The e-learning curriculum and information system developed under the project was specially adapted for practitioners involved in food safety in the public and private sector. Representatives of practitioners in Ghana were consulted in the development of this system to ensure that it meets their needs. This adapted e-learning curriculum is available free-of-charge. In addition to the adapted content on food safety and quality standards, it also includes web links and additional features (e.g. online discussion fora). A maintenance system has been put in place to ensure efficient updating of information. The e-learning platform for practitioners is expected to enable staff of government authorities involved in food safety, as well as private enterprises, to enhance their knowledge and skills and carry out their jobs more effectively. It will help them to find information on food safety and quality standards, as well as other relevant information.
Enhanced collaboration on food safety education and learning in Africa
The consultative process adopted to develop the e-learning curriculum and information system helped to promote an exchange of information on food safety education and to enhance professional networks among university professors involved in food safety learning in Ghana and other parts of Africa. In Ghana, the project strengthened collaboration among four universities (University of Ghana, the Kwame Nkrumah University of Science and Technology, University for Development Studies, and University of Education, Winneba). Additional linkages were developed with 17 higher agriculture programmes in universities and colleges in nine other African countries through the Sasakawa Africa Fund for Extension Education (SAFE).
Ensure that the scope of activities to be completed within the project timeframe is realistic
During implementation, it became apparent that the activities planned under this project could not be completed within the two-year timeframe available. While the project was extended for one year, fully completing all the activities on time remained a challenge. This was in part due to the original and innovative nature of the activities, and the number of stakeholders involved. It was also linked to infrastructural challenges, including frequent power outages and recurrent problems with Internet connectivity. Implementation of the project by UCC played an important role in facilitating local capacity building and promoting sustainability, and also required "learning by doing" given the newness of e-learning at the university.
Build on and add value to the project's outputs
There is scope to build on and add value to the outputs of this project to further extend its impact. For instance, with moderate additional inputs, the existing curriculum for Bachelors level students could be further developed and adapted as an e-learning course for graduate students enrolled in Master of Science (MSc) programmes at the University of Cape Coast, and elsewhere. Training additional e-tutors, from UCC and especially from other public universities in Ghana, is recommended to enhance familiarity with the system and promote its adoption more widely. UCC should contact local development partners and donors in Ghana, including GIZ, to try to obtain support for such activities. To ensure that future efforts to promote and build on the e-learning system will be successful, it will be essential to address ongoing challenges related to infrastructure and Internet access. A back-up server would be valuable to ensure continuous access to the e-learning system, even during power outages.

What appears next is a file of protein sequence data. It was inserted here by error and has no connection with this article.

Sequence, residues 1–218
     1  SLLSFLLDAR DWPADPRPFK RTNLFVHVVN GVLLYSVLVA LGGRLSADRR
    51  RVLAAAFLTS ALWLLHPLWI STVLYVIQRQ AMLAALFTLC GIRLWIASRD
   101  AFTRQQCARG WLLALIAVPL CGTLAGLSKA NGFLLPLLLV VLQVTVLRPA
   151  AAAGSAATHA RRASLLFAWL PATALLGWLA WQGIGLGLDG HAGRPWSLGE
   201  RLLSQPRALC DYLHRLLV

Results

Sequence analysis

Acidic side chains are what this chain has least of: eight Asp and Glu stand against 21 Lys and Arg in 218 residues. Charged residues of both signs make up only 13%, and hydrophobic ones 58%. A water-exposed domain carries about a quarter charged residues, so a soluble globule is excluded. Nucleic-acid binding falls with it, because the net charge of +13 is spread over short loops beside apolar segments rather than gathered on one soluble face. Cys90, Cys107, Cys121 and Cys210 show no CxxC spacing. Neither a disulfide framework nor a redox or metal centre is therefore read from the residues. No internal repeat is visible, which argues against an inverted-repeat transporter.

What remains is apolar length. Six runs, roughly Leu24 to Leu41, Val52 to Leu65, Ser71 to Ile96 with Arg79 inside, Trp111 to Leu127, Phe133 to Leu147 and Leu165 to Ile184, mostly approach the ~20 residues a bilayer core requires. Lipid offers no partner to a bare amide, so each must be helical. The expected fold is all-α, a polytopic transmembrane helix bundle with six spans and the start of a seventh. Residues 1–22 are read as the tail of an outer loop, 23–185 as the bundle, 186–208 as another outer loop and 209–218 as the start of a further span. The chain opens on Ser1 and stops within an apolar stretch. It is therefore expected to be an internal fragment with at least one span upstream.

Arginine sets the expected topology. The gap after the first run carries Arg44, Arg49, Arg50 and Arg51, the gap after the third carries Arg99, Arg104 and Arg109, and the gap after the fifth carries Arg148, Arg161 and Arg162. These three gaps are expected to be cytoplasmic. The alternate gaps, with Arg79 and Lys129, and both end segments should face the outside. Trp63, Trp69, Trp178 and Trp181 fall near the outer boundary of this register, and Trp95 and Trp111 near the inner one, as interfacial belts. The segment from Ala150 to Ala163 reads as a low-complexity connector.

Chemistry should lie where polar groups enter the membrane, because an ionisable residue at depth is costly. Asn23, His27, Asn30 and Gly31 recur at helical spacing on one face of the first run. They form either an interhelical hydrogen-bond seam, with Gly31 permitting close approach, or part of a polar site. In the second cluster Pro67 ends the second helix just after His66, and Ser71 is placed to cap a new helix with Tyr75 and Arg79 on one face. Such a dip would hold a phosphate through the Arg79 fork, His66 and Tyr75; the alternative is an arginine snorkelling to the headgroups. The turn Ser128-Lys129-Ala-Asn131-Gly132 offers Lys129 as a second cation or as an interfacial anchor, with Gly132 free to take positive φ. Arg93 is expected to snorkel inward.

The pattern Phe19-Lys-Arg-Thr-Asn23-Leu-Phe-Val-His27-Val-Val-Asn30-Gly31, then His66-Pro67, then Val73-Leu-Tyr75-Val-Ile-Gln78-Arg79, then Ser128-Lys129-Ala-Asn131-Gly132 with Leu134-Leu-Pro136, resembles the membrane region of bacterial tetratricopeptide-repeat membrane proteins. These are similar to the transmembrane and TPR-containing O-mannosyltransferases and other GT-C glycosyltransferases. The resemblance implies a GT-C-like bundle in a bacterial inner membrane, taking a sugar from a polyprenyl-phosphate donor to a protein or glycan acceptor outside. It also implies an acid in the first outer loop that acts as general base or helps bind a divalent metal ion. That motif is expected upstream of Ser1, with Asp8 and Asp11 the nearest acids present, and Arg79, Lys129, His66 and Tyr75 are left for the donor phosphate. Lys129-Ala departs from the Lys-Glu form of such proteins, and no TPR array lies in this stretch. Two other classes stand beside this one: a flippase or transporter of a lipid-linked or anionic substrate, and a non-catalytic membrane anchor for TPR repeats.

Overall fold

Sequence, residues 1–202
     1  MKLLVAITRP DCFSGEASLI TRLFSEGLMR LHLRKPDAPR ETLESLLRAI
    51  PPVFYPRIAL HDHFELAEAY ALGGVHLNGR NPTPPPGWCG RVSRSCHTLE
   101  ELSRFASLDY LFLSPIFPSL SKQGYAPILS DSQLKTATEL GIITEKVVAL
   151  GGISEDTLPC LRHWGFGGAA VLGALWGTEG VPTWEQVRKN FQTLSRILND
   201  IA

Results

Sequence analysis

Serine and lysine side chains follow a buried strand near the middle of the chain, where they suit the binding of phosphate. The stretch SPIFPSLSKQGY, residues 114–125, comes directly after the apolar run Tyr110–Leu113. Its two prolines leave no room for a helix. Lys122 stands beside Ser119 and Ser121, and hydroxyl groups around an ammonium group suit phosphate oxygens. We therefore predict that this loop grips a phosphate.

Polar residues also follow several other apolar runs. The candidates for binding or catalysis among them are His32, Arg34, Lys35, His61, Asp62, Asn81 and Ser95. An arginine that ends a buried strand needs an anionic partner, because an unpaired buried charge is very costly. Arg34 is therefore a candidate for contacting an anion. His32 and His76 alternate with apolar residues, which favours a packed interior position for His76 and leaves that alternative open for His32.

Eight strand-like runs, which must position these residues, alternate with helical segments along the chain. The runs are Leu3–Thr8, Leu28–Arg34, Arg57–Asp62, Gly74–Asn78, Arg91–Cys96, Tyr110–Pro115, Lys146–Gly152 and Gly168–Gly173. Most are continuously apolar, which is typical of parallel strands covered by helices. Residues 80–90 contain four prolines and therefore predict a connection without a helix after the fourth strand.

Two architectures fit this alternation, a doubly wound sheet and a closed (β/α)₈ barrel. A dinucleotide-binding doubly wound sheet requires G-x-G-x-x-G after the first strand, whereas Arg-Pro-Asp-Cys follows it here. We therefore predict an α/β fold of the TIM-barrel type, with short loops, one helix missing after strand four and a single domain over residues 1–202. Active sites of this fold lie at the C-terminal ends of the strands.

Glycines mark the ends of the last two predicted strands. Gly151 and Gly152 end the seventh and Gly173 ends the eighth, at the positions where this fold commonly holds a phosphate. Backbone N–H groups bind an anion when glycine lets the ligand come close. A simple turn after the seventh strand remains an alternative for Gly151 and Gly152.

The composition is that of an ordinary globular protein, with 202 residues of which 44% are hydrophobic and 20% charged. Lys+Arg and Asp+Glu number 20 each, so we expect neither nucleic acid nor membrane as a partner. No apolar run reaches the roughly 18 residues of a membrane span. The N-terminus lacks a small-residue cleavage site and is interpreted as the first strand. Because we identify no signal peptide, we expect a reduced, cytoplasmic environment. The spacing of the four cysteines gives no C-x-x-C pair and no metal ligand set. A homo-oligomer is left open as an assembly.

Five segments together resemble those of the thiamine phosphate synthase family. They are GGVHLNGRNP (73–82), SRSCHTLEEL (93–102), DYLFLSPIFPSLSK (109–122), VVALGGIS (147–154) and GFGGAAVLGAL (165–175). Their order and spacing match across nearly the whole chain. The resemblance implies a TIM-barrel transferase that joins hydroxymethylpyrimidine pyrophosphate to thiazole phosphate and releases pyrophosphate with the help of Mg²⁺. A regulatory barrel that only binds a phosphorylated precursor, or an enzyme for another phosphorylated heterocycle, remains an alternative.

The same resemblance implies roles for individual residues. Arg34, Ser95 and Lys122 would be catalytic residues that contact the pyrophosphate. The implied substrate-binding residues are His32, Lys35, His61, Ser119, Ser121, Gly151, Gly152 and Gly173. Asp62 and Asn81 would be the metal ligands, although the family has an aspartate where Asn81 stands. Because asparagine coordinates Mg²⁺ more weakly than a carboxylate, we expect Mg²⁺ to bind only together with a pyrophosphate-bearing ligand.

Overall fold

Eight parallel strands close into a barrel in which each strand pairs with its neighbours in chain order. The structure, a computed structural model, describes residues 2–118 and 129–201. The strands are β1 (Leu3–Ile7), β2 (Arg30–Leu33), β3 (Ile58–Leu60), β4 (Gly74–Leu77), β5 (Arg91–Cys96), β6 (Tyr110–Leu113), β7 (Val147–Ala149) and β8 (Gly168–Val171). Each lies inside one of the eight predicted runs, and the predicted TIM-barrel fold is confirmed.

Further disseminate the project's e-learning curriculum and information system to university staff and students in Ghana and elsewhere
While the main target audience of this project was students and food safety practitioners in Ghana, the outputs produced under this project are of potential interest and relevance to many other stakeholders in Africa and beyond. Some efforts were made, within the available budget and timeframe, to disseminate information about the project to students and educators at other universities in Africa. More could be done (e.g. through sensitization workshops, communication using print and electronic media) to inform other universities in Africa about the e-learning curriculum and information system, and actively encourage them to make use of it. This will require ongoing and concerted efforts, as well as resources. Professional networks and groups such as the Sasakawa Africa Fund for Extension Education (SAFE) could be valuable partners.
Identify and pursue opportunities to promote use of the project's outputs by food safety practitioners in Ghana and elsewhere
There is potential to promote increased use of the e-learning platform developed through this project among the public and private sector in Ghana, and elsewhere in Africa. In Ghana, the Ministry of Food and Agriculture (MoFA) is currently developing an e-agriculture project, with funding from the World Bank, to support agricultural extension delivery. The e-learning curriculum developed under this project should be linked with MoFA's effort to avoid any duplication of effort and maximize the impact. There may be other opportunities to share the e-learning platform with food safety practitioners in other parts of Africa. One option could be to make use of the Codex Coordinating Committee for Africa to disseminate information on the e-learning platform to food safety practitioners in Africa.